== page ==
In this way, we understand that this helps to produce a critical awareness regarding slavery, and the deconstruction of the erroneous understanding that compulsory work in Brazil was less cruel than in other colonies. And finally, expressing black consciousness and demanding better living conditions is not an unjustified complaint as people say.

I think it is still time – despite it being more than a hundred years since the end of slavery – to build a different history, especially for the huge population of Afro-descendants, who seek not a friendly hug, but overcoming social and economic adversities. It is a shame for a country that preaches patriotism, and claims to be the largest producer and exporter of food, among the largest economies in the world, but on the other hand, subjecting a large part of its population, especially those of African descent, to situations of poverty or minimal conditions. of survival, and being foreigners in their own country.

According to scholars on the subject, overcoming poverty is a political struggle and the absence of social justice, and explaining it through the lack of resources or economic difficulties in the country is nonsense and deceit. Breaking the country's glaring inequalities is done in addition to public policies, also with the taxation of the richest, and the creation of a more balanced social and economic model.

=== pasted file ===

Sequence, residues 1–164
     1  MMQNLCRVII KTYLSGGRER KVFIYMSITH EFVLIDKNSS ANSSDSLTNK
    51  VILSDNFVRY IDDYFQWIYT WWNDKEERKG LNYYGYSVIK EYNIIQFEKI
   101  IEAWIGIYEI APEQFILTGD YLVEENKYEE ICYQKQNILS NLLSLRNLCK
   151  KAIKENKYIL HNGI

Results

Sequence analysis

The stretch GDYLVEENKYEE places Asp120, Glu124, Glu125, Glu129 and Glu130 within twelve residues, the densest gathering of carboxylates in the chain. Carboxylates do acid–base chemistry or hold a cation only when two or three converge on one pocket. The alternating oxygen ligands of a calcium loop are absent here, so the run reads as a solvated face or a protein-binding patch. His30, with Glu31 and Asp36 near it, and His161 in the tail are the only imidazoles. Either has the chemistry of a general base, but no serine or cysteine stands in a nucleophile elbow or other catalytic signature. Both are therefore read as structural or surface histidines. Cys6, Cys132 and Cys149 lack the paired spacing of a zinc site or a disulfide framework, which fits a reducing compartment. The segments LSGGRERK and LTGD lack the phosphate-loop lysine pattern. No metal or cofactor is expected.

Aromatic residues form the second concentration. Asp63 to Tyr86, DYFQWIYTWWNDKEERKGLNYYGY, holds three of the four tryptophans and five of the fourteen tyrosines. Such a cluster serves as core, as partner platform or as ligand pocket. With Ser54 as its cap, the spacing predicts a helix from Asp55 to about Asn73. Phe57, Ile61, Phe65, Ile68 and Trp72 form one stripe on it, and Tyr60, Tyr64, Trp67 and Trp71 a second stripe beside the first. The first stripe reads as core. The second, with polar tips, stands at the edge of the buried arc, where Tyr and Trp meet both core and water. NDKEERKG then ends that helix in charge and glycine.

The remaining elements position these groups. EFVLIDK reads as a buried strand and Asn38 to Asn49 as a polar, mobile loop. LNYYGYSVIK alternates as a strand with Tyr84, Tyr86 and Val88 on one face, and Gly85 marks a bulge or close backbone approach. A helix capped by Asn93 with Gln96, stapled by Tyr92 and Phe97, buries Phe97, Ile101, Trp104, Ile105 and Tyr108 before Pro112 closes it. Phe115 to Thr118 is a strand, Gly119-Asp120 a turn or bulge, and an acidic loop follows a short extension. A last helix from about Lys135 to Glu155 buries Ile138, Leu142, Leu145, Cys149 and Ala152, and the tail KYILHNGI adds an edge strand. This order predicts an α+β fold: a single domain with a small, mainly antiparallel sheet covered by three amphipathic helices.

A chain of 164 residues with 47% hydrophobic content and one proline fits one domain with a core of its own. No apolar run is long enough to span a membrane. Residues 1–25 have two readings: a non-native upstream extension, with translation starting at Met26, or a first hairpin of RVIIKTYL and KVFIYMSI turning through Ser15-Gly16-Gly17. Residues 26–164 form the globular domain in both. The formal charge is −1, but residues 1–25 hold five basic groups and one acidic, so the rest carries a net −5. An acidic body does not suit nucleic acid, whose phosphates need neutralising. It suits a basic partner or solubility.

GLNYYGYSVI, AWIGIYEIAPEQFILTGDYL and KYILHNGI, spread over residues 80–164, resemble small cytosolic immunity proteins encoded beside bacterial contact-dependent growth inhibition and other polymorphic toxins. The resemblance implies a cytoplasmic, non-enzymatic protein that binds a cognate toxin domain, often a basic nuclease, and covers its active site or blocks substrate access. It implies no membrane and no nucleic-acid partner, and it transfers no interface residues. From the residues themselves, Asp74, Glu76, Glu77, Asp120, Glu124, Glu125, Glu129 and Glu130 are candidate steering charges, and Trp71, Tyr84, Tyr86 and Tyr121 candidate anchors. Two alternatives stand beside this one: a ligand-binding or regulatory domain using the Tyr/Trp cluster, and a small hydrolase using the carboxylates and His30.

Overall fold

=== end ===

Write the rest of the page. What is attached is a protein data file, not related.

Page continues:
If the naturalization of poverty continues, and the greed of some prevails, and we believe that the solution can only be achieved through works and attitudes of assistance, we will see the continuation of glaring inequalities and the repetition of a shameful future.

* Geraldo Oliveira holds a master's degree in social sciences from PUC-Minas.

References


BAKKE, Rachel R. Baptista. At school with the orixás: teaching Afro-Brazilian religions in the application of Law 10.639. 2011.222 f. Thesis (DOCTORATE) – Faculty of Philosophy, Letters and Human Sciences, Postgraduate Program in Social Anthropology, University of São Paulo, São Paulo. 2011.

GIUMBELLI, Emerson. “Low spiritism” and the history of mediumistic cults. Anthropological horizons, Porto Alegre, v. 9, no. 9, Jul. 2003. Available: in: http://www.scielo.br/scielo.php?script=sci_arttext&pid=S0104-71832003000100011.

LEVI-STRAUSS, Claude. Race and history. In: LÉVI-STRAUSS, Claude. structural anthropology two. Rio de Janeiro: Brazilian Time, 1993.

MUNANGA, Kabengele. Blacks and mestizos in the work of Nina Rodrigues. In: ALMEIDA, Adroaldo José Silva; SANTOS, Lyndon de Araújo; FERRETTI, Sergio (org.). Religion, race and identity: colloquium for the centenary of the death of Nina Rodrigues. São Paulo: Paulinas, 2009. (ABHR Study Collections; 6)